The problem with that car (appears to be a '31 CD8 sport phaeton--very, very rare) is the same problem that plagues my '31 CD8 roadster. It's not a Full Classic, but it's expensive like one. They live in a kind of no-man's land where the CCCA guys with the money won't touch it but the rest of the hobby has trouble justifying it. This roadster is a gorgeous car, beautiful restoration, and drives extremely well, but I can't get anyone to bite and I've had it for a long time. I sometimes get offers from people that say, "It's just a Chrysler, not a Packard, you're asking too much, I'll give you $25,000. You should take it." I don't agree that it's too expensive, only that the buyers are too narrowly focused. I suspect 93 out of 100 enthusiasts with this much money to spend would buy a somewhat ratty Packard instead of a really nice non-Classic Chrysler. I hate that this is how it is, but it certainly seems to be the case.

 

$110,000 is probably way too much for that car, especially since this one isn't selling at $75,000.

 

017.thumb.JPG.e7f98cfd1ecb6abcd7af6482b09fea8b.JPG

  • Like 9

Share this post


Link to post
Share on other sites
7 minutes ago, Matt Harwood said:

The problem with that car (appears to be a '31 CD8 sport phaeton--very, very rare) is the same problem that plagues my '31 CD8 roadster. It's not a Full Classic, but it's expensive like one. They live in a kind of no-man's land where the CCCA guys with the money won't touch it but the rest of the hobby has trouble justifying it. This roadster is a gorgeous car, beautiful restoration, and drives extremely well, but I can't get anyone to bite and I've had it for a long time. I sometimes get offers from people that say, "It's just a Chrysler, not a Packard, you're asking too much, I'll give you $25,000. You should take it." I don't agree that it's too expensive, only that the buyers are too narrowly focused. I suspect 93 out of 100 enthusiasts with this much money to spend would buy a somewhat ratty Packard instead of a really nice non-Classic Chrysler. I hate that this is how it is, but it certainly seems to be the case.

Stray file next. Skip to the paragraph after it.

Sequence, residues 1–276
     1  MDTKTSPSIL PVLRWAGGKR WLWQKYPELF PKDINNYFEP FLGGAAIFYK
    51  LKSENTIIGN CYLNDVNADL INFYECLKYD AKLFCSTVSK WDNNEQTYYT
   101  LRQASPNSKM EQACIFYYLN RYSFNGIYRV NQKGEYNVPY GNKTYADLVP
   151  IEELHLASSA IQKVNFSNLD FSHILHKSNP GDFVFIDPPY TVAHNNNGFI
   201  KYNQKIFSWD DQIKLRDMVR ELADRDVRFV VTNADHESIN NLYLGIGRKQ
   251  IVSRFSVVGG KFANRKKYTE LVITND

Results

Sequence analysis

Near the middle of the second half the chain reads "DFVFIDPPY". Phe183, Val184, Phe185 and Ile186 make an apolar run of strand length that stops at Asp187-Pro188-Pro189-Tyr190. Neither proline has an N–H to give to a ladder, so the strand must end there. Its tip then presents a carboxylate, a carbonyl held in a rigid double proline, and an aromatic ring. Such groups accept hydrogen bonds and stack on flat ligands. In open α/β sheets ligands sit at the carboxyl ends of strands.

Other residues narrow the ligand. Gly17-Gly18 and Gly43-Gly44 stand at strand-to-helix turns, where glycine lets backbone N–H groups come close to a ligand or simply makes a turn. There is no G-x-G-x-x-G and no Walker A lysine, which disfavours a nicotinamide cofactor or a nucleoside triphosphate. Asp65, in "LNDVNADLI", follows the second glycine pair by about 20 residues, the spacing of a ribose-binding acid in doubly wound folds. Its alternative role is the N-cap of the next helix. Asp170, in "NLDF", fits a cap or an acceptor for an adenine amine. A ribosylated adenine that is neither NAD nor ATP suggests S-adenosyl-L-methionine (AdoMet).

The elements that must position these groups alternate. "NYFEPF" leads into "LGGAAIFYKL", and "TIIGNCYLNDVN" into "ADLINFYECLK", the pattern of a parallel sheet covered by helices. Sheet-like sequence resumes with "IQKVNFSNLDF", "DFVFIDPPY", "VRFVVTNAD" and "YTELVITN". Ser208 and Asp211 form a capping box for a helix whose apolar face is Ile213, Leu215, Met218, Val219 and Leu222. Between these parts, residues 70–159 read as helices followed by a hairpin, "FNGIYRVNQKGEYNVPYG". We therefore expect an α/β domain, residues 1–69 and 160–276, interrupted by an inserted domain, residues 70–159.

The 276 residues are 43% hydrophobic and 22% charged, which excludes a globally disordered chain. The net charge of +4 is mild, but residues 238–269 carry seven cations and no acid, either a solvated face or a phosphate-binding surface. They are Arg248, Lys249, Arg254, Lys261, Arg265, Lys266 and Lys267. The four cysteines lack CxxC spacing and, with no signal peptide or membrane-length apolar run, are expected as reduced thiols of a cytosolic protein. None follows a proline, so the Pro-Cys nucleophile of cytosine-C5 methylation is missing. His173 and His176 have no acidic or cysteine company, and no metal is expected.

$110,000 is probably way too much for that car, especially since this one isn't selling at $75,000.

 

017.thumb.JPG.e7f98cfd1ecb6abcd7af6482b09fea8b.JPG

 

 

A thought concerning the non Imperial 8cyl Chrysler’s. With the CCCA letting virtually everything in now... has anyone taken a recent shot at applying to get them added as full classics?  A few years ago I barely understood why they were not included.... there is now really no reason not to let them in. 

Share this post


Link to post
Share on other sites
2 minutes ago, gossp said:

 

A thought concerning the non Imperial 8cyl Chrysler’s. With the CCCA letting virtually everything in now... has anyone taken a recent shot at applying to get them added as full classics?  A few years ago I barely understood why they were not included.... there is now really no reason not to let them in.